Apples are so plentiful in fall and come in many sizes and colors. Besides enjoying the crunchy, juicy fruits in pies, squares, and drinks, set aside some for apple print activities.
To start off, show early learners a selection of apples in contrasting colors. A green Granny Smith, a yellow golden delicious, and a red royal gala apple make good fruits to set out and discuss. They are also easy to find in stores.
Little learners would be excited to taste the apples. Cut some into chunks and invite children to taste apples in all three colors.
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Pick an inexpensive apple to use for the craft. I picked a smaller-sized apple on sale at a local produce store. Cut some apples in half from top to bottom, and slice others horizontally. Have early learners notice the seeds, and count them. Highlight the star shape in the horizontally cut apples.
Then invite children to use the apples for printmaking.
Supplies To Collect
- green, red, and yellow tempera paints
- 12-inch x 18-inch sturdy art paper
- small plates or trays
- apple halves
Making Apple Prints
Pour a little red, green, and yellow paint in small flat dessert dishes or disposable plates. Add a little yellow to the green paint to lighten and brighten the color.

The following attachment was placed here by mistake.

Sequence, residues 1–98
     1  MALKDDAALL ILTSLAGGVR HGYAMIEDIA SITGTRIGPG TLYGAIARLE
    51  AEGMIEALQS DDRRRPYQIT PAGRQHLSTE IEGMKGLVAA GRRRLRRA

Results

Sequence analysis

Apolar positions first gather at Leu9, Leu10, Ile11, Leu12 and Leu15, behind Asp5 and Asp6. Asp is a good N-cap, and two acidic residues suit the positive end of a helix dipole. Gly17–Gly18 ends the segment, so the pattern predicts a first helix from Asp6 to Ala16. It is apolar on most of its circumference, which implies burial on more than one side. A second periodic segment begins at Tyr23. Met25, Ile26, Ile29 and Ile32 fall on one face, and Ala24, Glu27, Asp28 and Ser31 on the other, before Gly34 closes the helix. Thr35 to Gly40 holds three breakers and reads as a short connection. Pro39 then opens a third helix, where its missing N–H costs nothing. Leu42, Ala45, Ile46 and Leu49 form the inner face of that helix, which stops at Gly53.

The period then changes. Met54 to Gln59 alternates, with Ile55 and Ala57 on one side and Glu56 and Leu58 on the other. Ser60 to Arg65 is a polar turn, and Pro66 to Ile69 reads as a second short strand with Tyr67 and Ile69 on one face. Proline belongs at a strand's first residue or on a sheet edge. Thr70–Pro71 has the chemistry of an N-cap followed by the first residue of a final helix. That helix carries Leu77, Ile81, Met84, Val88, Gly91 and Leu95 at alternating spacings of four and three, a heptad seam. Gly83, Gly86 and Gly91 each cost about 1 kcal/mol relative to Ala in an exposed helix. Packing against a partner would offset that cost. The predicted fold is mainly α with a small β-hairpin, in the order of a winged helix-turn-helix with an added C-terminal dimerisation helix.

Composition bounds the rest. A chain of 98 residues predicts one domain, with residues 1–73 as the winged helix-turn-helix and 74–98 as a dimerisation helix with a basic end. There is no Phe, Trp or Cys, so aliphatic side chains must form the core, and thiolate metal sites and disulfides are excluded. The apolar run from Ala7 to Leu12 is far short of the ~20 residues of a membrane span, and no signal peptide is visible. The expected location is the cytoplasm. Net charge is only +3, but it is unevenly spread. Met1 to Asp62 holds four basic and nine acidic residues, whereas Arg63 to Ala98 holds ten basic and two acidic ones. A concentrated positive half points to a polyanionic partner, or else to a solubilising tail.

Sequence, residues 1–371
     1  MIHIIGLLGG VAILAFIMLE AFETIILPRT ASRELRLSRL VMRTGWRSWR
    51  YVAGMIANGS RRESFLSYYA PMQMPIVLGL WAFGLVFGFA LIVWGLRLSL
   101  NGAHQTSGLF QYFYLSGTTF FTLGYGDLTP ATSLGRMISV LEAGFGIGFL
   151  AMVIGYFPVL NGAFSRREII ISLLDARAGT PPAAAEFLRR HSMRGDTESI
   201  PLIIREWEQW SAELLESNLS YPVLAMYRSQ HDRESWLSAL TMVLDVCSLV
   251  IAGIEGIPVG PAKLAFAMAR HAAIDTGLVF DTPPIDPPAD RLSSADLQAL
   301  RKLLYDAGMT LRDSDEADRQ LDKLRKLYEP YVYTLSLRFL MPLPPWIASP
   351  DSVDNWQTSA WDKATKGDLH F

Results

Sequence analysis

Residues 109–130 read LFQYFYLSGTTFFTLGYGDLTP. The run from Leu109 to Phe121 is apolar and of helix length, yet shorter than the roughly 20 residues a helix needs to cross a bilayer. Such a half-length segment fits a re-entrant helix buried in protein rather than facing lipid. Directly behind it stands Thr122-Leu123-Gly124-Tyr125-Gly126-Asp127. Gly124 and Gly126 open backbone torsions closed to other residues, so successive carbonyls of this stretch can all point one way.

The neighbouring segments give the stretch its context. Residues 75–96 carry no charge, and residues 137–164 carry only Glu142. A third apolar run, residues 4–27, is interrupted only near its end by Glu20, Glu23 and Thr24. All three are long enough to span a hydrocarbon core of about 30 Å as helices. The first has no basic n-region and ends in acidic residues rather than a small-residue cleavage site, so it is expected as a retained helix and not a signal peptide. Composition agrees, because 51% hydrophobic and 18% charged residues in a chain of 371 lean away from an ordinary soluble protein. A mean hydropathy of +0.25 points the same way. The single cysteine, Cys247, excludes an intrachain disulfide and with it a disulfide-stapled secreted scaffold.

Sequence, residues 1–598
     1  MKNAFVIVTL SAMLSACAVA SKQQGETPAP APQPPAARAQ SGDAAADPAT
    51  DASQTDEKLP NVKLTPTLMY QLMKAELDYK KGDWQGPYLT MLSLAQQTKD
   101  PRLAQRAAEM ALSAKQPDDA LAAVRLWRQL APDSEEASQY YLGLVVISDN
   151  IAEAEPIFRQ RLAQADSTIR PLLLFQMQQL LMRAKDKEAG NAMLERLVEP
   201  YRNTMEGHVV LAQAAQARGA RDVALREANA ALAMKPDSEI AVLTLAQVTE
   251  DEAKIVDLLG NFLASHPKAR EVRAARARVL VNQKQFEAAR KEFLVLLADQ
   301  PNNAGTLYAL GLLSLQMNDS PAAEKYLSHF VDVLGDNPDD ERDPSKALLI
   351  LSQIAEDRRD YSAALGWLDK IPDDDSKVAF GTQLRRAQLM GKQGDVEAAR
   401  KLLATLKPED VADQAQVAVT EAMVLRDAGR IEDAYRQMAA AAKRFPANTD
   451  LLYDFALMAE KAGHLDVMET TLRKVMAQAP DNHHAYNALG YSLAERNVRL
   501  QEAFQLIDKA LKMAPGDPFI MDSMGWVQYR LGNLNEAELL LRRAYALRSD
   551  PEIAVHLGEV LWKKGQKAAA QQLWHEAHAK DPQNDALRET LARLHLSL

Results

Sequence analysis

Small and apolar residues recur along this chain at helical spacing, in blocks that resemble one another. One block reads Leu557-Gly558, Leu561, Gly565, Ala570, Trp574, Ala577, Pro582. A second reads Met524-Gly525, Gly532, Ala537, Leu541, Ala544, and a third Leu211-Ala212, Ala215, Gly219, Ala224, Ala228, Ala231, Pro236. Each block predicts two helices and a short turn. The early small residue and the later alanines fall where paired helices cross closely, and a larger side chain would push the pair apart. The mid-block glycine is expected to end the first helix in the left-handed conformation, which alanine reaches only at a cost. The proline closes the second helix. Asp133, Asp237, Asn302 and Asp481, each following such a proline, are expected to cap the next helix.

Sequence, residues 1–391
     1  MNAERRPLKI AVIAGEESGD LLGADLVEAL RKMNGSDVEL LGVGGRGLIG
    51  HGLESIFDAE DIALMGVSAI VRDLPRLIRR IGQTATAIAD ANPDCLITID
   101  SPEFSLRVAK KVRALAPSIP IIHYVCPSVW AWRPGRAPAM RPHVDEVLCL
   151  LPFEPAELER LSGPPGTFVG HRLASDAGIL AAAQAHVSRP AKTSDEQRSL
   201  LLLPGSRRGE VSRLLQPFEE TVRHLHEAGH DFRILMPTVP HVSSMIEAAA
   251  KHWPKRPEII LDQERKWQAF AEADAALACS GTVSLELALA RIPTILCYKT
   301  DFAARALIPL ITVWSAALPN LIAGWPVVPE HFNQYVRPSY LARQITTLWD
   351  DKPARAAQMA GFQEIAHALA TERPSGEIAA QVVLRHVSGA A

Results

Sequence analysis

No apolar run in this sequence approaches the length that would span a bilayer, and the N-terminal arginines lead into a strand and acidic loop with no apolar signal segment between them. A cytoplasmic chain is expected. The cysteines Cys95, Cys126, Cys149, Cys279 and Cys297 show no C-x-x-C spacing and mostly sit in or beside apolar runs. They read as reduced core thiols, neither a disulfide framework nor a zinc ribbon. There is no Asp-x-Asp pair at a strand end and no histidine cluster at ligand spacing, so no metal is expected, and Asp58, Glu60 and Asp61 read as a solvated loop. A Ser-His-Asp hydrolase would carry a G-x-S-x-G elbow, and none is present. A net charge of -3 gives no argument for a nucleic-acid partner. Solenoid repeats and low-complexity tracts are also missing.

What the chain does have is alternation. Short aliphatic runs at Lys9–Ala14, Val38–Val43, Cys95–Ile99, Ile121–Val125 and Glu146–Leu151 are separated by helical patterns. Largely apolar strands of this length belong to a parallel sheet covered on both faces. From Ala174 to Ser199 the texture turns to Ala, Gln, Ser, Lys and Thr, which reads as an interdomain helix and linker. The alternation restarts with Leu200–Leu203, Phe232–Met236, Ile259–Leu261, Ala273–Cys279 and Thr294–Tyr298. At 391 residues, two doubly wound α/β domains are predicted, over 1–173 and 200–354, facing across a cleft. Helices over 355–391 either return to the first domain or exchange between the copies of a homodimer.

Allow little ones to dip apples into the paints, and make prints on the paper.
Another way to do this activity is to have early learners paint the apple halves instead, and then press them on the paper. It is easier to control the amount of paint on the apples this way.
Tip: After each painting experience, apple pieces can be rinsed and used again by another child.
More Apple Print Activities
Apples often come in two different colors, like red and green, or yellow and red. To extend the painting experience, invite children to paint each apple half in a different color, and make prints with them.
Thin the paints. Invite little learners to make prints on sections of paper towel roll. The absorbency and texture of the towels give the prints a unique look.
Instead of using apple halves, set out apple slices for the children to use. They work well too!
After the paintings are dry, cut out a few prints to use in fingerplays and counting activities.
And the apple prints would make great additions to an apple tree or a wreath craft.
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